“The Iranians may try to cut corners to help Rouhani politically, but I think we are in a very strong position to insist on vigorous compliance,” said Gary Samore, a former Obama White House official now with the Belfer Center for Science and International Affairs at Harvard University’s Kennedy School of Government.
Still, Rouhani’s rhetoric spotlights continuing political tension around the nuclear deal, and the urgency felt by the deal’s backers in Iran to deliver results as hard-liners attack the deal.
“Rouhani is responding to a lot of pressure that has come from the conservatives,” said Abbas Milani, director of the Iranian Studies program at Stanford University.
Rouhani is under high pressure to demonstrate that the nuclear deal will deliver swift and tangible benefits in return for reducing the scale of Iran’s atomic program.
Last month, four Iranian ministers sent Rouhani an unusual letter warning him that the country’s economy was on the brink of a “crisis.”
Rouhani says that the removal of sanctions will mean an economic rebound for Iran. But Iran’s top conservative newspaper has accused him of misleading the public about how long it will take for the sanctions to end, and even whether the U.S. and its negotiating partners—China, Russia, Great Britain, France and Germany—will ever permanently void them, Milani said.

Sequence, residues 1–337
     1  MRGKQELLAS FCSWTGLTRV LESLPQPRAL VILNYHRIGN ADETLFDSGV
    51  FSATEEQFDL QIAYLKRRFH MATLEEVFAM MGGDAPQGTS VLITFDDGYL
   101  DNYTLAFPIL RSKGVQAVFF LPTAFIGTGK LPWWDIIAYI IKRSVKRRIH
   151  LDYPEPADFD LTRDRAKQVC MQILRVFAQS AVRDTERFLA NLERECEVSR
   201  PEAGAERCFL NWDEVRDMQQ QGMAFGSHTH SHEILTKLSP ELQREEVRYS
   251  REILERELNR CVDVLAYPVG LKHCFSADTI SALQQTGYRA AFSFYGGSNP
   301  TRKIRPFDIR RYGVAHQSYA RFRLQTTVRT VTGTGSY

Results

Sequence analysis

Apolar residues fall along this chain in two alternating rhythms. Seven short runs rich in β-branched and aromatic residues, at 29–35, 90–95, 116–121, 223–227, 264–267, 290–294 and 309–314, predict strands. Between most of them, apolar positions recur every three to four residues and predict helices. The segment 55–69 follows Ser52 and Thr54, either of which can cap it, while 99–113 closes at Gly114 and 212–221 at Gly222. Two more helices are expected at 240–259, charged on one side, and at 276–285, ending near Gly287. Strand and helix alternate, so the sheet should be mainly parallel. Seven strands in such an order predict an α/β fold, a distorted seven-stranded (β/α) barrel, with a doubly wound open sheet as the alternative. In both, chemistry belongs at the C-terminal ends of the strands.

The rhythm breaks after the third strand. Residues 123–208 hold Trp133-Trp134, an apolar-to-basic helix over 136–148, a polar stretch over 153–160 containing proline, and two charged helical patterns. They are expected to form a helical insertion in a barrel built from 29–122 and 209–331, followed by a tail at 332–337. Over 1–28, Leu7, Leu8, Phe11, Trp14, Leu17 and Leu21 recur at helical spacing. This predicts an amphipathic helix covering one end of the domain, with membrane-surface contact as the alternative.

Iran’s parliament ratified the deal last week, after a debate that featured vitriol and even physical threats against top Iranian negotiators from conservatives.
Iran’s top nuclear negotiator, Ali Akbar Salehi, told Iran’s parliament that one of its members said he should be buried in the concrete that will be used to disable the Arak reactor’s core.
While the American debate over the Iran deal has cooled since it became clear that Congress wouldn’t block the agreement, Iranian politics are still roiling in advance of February’s elections.
Last Sunday, Iran’s military tested a precision-guided ballistic missile in what the U.S. ambassador to the United Nations, Samantha Power, called a “clear violation” of U.N. sanctions.
Also last Sunday, Iranian media reported that a court had convicted Washington Post correspondent Jason Rezaian of espionage. The details of his sentence have not been released. Rezian has already spent 14 months in jail.
Few experts believe that Iran’s hardliners can sabotage the nuclear deal, particularly given support for it from Iran’s ultimate authority, Supreme Leader Ali Khamenei.
But the February elections could affect the ever-shifting balance of power between Iran’s conservative and reformist wing. The February 26 vote will determine the makeup of both Iran’s 290-member parliament, or majlis, and its Council of Experts, the 86-member panel which chooses Iran’s Supreme Leader. That role looms particularly large given the 76-year-old Khamenei’s recent bout with an illness Iranian officials said was prostate cancer.
Milani noted that the elections aren’t entirely free—all candidates are pre-approved by the Supreme Leader. But, he said, they still have the potential to affect the country’s course.
“The elections will determine whether Rouhani and company can bank on the political capital that will come from this deal, and move the country out of the past,” Milani said.